Alex: You're right -- Speedy Hire's primary business is renting out mainly small tools to the construction industry in the U.K. I don't actually have a positive view on the demand for that industry going forward, because I guess, when you look at what's been happening to construction, the demand side has been falling quite a lot, and I think that's going to continue to be the case. Obviously, there were things like the Olympics were a positive boost, but that was all finished a little while ago, and while there are a few big projects like Crossrail out there, there were a number of the large projects that were working off from the boom years, and not coming back. So I think the demand outlook will continue to be poor, and that's why the stock is very cheap versus history. I think what people miss with this stock is that, over the last five years, since the start of the downturn, the supply side of the business has changed very dramatically. So Speedy Hire is the number one market share in the U.K. It's a reasonably consolidated market, so the top three businesses have about 45 -- 50% market share, and outside of that there's a lot of little mum and pop businesses, which are really finding it very difficult to finance their kit, and very difficult to actually stay in business. So a number of those have actually closed up, and the top three businesses as well have reduced the amount of kit that's in the market. Because of that, you're starting to actually see positive pricing in the market now, that supply has actually fallen faster than demand. So the returns that this business has been making, which have been very poor through the downturn, are starting to improve, because of that positive price dynamic. When you look at the valuation, this business is actually trading at only 0.75 times book, so that means they're trading at only three-quarters of the value of the kit they've actually got on their balance sheet. So that shows you the business is very cheap compared to liquidation value, if you just sort of sold all their assets, and therefore returns are very likely to rise, because there's no incentive for people to buy new kit currently, when you can buy Speedy in the market at less than the value of their kit. So I do think it's an interesting story because of the supply side, not because I think U.K. construction is necessarily going to recover very quickly, which I don't think it is, unfortunately.
David: So if you're not that bullish about the U.K. construction industry, what is your gut feeling about the U.K. markets on the whole, over the next few years?
Alex: That's a really tough question!
David: I didn't say anything was going to be easy!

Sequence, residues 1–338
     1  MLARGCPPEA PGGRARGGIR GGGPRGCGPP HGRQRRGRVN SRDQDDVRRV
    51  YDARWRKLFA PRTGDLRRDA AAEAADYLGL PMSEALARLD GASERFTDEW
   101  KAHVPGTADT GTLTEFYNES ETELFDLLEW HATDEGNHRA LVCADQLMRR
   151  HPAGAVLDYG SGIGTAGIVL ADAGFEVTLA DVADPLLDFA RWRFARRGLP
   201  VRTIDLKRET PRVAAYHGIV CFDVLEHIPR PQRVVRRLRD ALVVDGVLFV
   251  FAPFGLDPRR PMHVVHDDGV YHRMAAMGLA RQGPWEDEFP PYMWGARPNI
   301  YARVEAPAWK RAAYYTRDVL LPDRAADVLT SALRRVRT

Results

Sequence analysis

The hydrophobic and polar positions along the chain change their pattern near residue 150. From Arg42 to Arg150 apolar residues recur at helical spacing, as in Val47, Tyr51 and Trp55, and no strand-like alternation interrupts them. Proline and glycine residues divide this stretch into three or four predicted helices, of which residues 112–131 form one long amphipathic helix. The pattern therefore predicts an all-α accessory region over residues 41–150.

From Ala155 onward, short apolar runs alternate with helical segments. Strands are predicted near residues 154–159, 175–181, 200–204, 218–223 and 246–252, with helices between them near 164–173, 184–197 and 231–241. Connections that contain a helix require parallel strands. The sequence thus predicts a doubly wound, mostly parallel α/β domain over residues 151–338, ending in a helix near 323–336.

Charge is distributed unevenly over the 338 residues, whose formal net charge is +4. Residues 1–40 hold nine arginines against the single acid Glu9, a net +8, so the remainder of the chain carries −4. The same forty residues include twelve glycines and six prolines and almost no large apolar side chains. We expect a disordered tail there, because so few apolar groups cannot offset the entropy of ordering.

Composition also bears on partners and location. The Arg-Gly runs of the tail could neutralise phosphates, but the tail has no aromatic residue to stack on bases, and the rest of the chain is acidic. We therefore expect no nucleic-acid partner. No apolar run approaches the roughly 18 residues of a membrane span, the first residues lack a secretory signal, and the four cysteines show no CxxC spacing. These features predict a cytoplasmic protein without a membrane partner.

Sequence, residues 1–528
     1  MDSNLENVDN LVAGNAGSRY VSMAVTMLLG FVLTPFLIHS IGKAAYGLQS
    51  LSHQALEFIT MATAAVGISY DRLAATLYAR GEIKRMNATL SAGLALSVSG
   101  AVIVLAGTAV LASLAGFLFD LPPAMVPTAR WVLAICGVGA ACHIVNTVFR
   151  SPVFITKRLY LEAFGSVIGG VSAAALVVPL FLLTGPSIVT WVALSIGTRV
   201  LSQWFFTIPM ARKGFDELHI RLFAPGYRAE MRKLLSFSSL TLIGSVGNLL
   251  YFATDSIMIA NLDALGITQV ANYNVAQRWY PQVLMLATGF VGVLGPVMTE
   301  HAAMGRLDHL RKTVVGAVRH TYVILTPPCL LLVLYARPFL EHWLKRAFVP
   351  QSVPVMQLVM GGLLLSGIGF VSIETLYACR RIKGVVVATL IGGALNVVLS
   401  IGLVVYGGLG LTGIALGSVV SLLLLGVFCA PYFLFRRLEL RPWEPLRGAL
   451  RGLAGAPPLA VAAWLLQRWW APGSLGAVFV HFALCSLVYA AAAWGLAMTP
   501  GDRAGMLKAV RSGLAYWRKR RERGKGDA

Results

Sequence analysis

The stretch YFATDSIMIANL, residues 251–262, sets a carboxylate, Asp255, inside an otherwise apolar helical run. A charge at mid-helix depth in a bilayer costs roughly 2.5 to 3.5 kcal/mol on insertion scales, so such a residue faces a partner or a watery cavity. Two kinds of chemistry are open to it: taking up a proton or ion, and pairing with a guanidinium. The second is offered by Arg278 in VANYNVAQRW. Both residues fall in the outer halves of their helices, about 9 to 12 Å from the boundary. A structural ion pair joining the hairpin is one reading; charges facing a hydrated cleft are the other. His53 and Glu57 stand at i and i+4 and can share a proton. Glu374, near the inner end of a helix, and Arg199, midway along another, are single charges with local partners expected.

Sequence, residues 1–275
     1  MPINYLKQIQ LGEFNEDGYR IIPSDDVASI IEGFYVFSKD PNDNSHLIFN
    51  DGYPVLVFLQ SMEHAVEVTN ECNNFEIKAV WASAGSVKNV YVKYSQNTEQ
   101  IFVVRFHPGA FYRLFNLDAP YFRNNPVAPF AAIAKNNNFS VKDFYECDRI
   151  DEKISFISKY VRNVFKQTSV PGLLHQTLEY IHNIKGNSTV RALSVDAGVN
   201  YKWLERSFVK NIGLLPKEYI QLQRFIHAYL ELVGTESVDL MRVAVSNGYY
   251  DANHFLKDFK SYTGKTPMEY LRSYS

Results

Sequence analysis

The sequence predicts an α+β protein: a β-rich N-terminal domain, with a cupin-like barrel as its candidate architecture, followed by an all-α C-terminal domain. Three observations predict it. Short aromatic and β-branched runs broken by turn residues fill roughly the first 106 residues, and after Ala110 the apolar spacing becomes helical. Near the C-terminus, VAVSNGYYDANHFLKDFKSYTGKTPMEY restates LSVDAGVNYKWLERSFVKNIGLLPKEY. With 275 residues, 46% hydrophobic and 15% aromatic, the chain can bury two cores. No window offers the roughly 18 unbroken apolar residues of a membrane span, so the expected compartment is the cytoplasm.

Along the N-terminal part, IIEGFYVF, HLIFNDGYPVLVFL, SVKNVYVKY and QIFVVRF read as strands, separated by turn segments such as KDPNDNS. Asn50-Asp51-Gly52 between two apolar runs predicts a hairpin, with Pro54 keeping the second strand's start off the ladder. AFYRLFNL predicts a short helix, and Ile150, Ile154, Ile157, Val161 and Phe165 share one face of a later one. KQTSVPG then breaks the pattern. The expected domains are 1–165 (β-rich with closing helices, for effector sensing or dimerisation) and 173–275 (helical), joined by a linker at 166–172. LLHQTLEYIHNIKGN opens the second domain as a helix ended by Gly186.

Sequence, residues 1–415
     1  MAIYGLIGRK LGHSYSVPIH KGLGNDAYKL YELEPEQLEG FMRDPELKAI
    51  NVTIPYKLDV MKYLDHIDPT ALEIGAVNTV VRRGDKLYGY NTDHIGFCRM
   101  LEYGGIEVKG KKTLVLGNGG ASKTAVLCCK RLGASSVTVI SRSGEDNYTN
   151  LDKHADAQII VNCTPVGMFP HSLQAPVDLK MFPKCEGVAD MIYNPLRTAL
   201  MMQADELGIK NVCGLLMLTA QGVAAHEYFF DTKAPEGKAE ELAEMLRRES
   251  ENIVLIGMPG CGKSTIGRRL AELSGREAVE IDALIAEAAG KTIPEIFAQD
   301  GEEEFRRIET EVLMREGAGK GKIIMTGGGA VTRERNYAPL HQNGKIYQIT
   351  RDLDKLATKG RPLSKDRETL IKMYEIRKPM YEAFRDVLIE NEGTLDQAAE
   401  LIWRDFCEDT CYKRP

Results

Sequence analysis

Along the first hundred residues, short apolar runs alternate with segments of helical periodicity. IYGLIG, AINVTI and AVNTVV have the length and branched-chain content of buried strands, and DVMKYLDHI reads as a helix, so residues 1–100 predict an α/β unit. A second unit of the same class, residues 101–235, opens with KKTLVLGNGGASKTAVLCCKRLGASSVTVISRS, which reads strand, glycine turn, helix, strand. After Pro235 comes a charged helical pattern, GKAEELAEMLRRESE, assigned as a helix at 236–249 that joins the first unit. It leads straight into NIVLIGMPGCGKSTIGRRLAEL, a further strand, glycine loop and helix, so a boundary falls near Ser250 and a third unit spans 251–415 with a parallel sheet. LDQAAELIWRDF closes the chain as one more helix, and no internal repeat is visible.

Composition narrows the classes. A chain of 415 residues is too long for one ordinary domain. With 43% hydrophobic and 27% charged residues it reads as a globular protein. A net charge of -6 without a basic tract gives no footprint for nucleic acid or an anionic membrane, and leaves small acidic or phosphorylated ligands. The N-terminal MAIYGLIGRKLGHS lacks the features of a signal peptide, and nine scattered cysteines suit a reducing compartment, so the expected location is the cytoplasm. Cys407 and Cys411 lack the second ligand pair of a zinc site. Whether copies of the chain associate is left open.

Alex: Yeah, I suppose it's very much a bottom-up style, so I like to see what companies are doing, and are companies attractively valued. I definitely think there is a lot of value out there in the market today, especially in the small cap areas. So most of those companies that I've talked to are trading at less than 10 times earnings; dividend yields in the sort of 3% to 4%, if not higher area. I think certainly absolutely versus the yields that are available on other assets, especially bonds, that that is a very attractive valuation. So for absolute returns from the companies that I look at, I do think they're going to be good over the next two to three years. In terms of how that plays out, sort of day-to-day and week-to-week, it's a much tougher call, and I try not to be too swayed by the macro, because there's a lot of things happening, and if you spent your time on that, you could spend an awful lot of time and not really get anywhere.
David: Yeah, I have to agree with you there. I don't fully understand why anybody would invest in bonds at the moment, but I am sure there are some very good bond fund managers out there who are doing a cracking job.
Alex: Yeah, no -- there certainly are. I could mention some names, but I will resist.
David: I'm sure you can. Well, thank you so much for coming in today, Alex. I have one more chore to perform, which is to sum up today's podcast with what I hope will be a suitable quotation, and the quote comes from Hugh Allen, who said: "Jumping at several small opportunities may get us there more quickly than waiting for one big one to come along," and I presume you're actually looking for loads and loads of little small opportunities among the small caps?
Alex: Yeah, I certainly am -- that's very much what I'm looking to do.
David: Excellent. Now, thank you so much for coming in today, Alex.
Alex: Thank you.
David: This has been Money Talk, I have been David Kuo, and my guest today has been Alex Wright of Fidelity Worldwide Investment. He is also manager of the U.K. Smaller Companies fund, and is also in charge of the Fidelity Special Values Investment Trust. If you want to find out more about investing, you can sign up for a copy of our free report, 10 Steps To Making A Million In The Market, by going to fool.co.uk/podcast. Until next week, happy investing!
That was the second part of a two-part transcript in which Fool.co.uk's David Kuo chats with Alex Wright of Fidelity Worldwide Investment's U.K. Smaller Companies fund and Fidelity Special Values Investment Trust. They discuss Paragon, Fyffes, DCC, United Drug and Speedy Hire.
In the first part of the transcript, Alex explains what is meant by a small cap and how he goes about finding buying opportunities among the stock market's smaller companies. He also explains his criteria for selling them, and looks at a host of small caps that include Micro Focus and Optos. To read the first part of the transcript, just click here.